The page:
Corporate musical chairs 2


Without pointing the finger at any one company, I’m wondering if there is a connection between lack of success and frequent rounds of musical chairs within the boardroom?

Who gets knocked out this time round? Thanks to David Maddison https://www.flickr.com/photos/davidmaddison/

Companies that retain the same leadership over long periods seem to execute on their strategies more successfully than those that chop and change leaders at 3-5 yearly intervals (or maybe they change leaders because the previous leader’s strategic direction wasn’t working out)

Most of us have experienced the new leader who is parachuted in to “make a difference” and who spends the next couple of years shaking things up with little effect before moving on or being moved on (Disclaimer: I have been one on at least one occasion). It’s never quite as simple as it seemed in that quick strategic review that was intended to arrest decline, reduce the cost base, leverage capabilities or refocus on new opportunities.

In the geo world, take a look at the most successful companies (however you define success). How many of them have longish term stable leadership teams (over 5 years)?


2 thoughts on “Corporate musical chairs

  • Stu Mitchell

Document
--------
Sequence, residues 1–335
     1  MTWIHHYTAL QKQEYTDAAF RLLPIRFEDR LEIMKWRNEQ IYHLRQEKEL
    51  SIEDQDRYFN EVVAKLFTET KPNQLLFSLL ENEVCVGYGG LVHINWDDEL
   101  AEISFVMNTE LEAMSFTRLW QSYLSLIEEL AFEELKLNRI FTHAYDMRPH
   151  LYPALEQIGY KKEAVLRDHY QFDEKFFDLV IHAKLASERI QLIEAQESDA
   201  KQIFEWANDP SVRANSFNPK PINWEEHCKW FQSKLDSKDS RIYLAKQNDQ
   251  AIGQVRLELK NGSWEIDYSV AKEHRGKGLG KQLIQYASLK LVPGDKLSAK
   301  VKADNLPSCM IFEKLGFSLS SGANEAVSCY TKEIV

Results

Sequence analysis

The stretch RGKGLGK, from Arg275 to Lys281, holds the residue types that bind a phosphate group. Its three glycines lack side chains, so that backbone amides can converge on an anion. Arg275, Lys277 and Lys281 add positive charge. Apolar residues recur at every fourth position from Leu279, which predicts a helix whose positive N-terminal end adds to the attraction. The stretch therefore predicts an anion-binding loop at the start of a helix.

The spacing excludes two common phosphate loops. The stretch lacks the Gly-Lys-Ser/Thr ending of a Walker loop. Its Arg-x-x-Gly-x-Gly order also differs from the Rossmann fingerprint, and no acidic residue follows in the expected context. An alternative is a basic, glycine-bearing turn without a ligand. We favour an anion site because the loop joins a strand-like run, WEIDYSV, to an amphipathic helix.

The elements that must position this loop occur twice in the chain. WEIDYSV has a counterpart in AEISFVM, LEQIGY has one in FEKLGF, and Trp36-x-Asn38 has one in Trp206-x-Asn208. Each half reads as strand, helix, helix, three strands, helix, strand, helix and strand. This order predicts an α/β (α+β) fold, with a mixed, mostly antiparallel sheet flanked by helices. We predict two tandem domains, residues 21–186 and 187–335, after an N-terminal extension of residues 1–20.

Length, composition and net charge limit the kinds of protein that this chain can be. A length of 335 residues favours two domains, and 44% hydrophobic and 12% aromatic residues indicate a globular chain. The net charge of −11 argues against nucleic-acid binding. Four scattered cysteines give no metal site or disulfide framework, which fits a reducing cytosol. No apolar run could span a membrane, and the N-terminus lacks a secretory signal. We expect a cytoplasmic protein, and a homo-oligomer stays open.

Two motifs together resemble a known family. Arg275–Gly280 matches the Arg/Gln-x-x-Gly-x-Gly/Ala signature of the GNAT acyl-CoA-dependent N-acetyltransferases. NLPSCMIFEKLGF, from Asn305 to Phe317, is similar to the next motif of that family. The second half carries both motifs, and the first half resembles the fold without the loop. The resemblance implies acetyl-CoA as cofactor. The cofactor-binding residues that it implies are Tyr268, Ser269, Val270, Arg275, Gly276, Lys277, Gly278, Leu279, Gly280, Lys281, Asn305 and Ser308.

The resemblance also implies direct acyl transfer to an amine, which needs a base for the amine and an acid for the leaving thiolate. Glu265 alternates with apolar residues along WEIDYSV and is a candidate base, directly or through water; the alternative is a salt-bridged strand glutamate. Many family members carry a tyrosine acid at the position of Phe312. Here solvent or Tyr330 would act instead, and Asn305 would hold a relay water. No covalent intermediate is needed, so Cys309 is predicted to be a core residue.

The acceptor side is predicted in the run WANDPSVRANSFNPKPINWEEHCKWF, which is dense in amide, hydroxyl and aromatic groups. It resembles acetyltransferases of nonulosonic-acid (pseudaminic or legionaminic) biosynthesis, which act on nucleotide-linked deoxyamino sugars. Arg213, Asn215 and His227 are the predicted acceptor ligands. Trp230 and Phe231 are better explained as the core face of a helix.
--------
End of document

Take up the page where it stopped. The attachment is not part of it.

This is very true… and there’s an obvious football analogy here too!

    I’ve been in the situation whereby a new management team has been parachuted in that has been very accounts focused. This comes at the expense of creativity, because of course that doesn’t have its own business case. As soon as that happens, creativity is stymied and development starts to cease. The long term effects of that on a company are pretty obvious. Stability encourages strategic thinking.

    • steven

      Ooh I like the football analogy. A certain team in north London have had the same manager for 18 years and despite a dip in performance the board have stuck with him while another north London team have had 11 (yes really 11) managers in the same period. Results would suggest that stability has outperformed managerial musical chairs.

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